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David @ Tokyo

Perspective from Japan on whaling and whale meat, a spot of gourmet news, and monthly updates of whale meat stockpile statistics



IWC 2006: Terry Glavin article on the IWC

Terry Glavin has written what I consider to be a very good article in the Globe and mail.

It's worth reading the whole thing, but some parts that I found particularly interesting were as follows:
Now the IWC is in danger of becoming worse than irrelevant. Even the venerable International Union for the Conservation of Nature (IUCN), which tracks the world's endangered animals, has called on it to shape up. Otherwise, it said, the world's whaling nations may "leave the IWC behind" and strike out on their own.

The day after the IWC adopted the "normalization" resolution on St. Kitts, the IUCN issued another warning: "More than ever there is a need to seek a form of consensus that will allow IWC to continue its work. Proponents and opponents all claim to support the conservation of whales but to date have failed to find common ground."

But there is often little common ground between the Save the Whales generation and younger conservationists more committed to the sustainable use of renewable resources -- the IWC's dysfunction is already infecting a whole range of international efforts to protect truly endangered species.

"We have to base resource management on science and knowledge, not on myths that some specifically designated animals are different and should not be hunted, regardless of the ecological justification for doing so," says Gro Harlem Brundtland, the ex-Norwegian prime minister who led the historic UN Commission on the Environment and Development. "There is no alternative to the principle of sustainable development. This is necessary and logical."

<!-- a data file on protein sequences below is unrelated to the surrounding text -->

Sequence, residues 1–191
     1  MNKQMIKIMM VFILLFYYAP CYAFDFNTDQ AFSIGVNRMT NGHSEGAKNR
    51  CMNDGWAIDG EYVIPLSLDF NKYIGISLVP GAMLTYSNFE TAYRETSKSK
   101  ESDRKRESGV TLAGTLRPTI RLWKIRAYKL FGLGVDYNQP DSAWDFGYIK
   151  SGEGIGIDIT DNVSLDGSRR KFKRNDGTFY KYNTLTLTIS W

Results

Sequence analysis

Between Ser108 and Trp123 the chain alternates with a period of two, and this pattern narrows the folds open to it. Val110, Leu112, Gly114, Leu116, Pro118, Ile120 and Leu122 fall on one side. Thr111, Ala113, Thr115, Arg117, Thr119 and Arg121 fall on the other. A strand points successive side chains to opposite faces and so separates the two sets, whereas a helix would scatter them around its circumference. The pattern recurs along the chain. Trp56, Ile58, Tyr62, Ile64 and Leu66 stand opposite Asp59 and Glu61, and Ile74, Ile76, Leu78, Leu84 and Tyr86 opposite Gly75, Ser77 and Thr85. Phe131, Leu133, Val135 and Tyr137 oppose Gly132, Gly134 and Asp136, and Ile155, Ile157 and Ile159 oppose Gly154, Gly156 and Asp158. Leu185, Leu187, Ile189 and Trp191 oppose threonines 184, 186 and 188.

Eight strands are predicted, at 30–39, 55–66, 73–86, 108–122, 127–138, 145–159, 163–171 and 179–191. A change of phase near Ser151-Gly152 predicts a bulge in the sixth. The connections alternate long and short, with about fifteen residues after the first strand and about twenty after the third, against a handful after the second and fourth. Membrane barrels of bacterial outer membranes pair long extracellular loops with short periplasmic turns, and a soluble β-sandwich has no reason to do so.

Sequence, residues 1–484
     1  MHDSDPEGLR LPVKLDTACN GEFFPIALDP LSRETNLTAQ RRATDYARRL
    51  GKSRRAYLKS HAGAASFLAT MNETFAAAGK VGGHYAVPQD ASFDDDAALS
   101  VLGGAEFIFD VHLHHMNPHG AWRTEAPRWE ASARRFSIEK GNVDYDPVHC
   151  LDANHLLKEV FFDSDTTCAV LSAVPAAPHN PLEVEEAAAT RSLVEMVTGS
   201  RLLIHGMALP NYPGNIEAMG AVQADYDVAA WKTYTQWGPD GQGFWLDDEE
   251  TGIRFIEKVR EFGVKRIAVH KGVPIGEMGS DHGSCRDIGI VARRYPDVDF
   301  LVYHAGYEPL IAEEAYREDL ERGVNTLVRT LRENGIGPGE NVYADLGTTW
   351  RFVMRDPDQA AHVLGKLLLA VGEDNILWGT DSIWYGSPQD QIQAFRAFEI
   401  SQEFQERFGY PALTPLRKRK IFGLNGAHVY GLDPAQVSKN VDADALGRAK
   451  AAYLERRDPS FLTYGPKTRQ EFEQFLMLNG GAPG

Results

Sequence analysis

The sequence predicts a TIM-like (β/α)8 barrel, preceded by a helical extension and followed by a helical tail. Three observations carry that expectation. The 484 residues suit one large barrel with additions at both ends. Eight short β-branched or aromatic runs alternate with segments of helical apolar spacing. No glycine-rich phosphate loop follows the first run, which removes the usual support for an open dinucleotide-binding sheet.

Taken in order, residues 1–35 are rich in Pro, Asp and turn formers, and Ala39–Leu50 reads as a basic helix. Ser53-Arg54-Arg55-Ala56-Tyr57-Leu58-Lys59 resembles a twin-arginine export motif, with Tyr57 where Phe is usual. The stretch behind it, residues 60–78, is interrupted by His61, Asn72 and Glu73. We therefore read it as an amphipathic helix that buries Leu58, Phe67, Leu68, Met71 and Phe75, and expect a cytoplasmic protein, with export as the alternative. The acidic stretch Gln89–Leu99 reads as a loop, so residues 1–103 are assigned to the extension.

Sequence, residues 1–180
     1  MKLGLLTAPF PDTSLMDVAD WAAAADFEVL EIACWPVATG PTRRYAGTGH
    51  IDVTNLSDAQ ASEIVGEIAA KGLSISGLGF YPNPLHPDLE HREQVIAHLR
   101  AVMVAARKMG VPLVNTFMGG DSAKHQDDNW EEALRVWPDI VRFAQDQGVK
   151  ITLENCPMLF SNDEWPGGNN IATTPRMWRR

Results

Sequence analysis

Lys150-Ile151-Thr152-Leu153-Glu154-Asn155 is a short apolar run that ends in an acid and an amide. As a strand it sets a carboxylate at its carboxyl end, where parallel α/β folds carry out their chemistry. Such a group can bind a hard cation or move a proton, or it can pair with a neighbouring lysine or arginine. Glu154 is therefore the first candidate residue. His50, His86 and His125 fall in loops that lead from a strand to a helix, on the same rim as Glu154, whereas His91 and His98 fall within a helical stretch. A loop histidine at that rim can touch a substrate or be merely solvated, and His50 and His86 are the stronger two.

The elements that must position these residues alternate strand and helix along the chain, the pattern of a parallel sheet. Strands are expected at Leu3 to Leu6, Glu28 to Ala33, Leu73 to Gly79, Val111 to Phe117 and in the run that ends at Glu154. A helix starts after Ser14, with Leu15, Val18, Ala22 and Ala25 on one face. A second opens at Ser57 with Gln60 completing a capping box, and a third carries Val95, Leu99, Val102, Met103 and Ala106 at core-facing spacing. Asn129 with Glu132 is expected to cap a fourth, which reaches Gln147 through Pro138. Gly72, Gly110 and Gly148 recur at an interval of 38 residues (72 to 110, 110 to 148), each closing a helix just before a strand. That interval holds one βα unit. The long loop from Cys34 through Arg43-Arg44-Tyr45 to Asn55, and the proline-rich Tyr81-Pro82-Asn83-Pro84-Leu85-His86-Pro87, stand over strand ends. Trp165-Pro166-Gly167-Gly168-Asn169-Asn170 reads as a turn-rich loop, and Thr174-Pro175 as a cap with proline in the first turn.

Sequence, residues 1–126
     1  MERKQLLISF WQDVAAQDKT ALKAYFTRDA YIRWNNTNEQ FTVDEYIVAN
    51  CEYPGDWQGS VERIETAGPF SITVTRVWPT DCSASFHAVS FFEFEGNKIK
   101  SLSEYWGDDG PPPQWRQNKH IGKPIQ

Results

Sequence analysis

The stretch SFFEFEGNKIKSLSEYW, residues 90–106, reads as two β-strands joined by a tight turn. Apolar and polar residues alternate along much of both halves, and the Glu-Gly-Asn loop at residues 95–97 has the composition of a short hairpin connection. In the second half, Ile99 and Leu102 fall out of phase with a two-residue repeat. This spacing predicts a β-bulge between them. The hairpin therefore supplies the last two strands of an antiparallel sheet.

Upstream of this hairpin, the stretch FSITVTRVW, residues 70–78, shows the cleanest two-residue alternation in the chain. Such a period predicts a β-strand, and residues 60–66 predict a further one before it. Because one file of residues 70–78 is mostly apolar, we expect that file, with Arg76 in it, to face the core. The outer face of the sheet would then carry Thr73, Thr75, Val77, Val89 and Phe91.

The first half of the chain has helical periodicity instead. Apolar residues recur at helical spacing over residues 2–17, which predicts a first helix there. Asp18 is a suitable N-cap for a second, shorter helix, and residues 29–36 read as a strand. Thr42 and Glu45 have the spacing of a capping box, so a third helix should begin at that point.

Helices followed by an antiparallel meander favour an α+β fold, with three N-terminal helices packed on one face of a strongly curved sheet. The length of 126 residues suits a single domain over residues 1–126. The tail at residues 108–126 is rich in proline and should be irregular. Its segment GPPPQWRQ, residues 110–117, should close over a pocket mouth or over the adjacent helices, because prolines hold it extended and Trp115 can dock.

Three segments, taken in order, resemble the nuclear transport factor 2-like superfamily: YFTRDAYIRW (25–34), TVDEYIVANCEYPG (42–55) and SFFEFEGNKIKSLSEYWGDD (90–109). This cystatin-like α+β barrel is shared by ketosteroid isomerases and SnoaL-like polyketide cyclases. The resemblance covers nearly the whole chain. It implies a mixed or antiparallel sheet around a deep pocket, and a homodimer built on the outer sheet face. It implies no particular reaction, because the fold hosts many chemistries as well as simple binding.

The Highnorth Alliance hompage also has some more Brundtland quotes here. New Zealand Prime Minister Helen Clark is said to see Brundtland as a role model. We can but imagine what she might think of Brundtland's comments regarding whaling.

Korinai yatura deshita.


Y/H (Japan)
Yes indeed.

Apparently Greenpeace's "infringement was also a threat to the marine environment."

-> “jeopardizing the barrier reef which protects the Eastern Atlantic Coastline of St Kitts and Nevis and other fragile near-shore marine eco-systems.”


There doesn't seem much at which these people will stop at to get their names in the headlines, even if it is counter to their purported cause.
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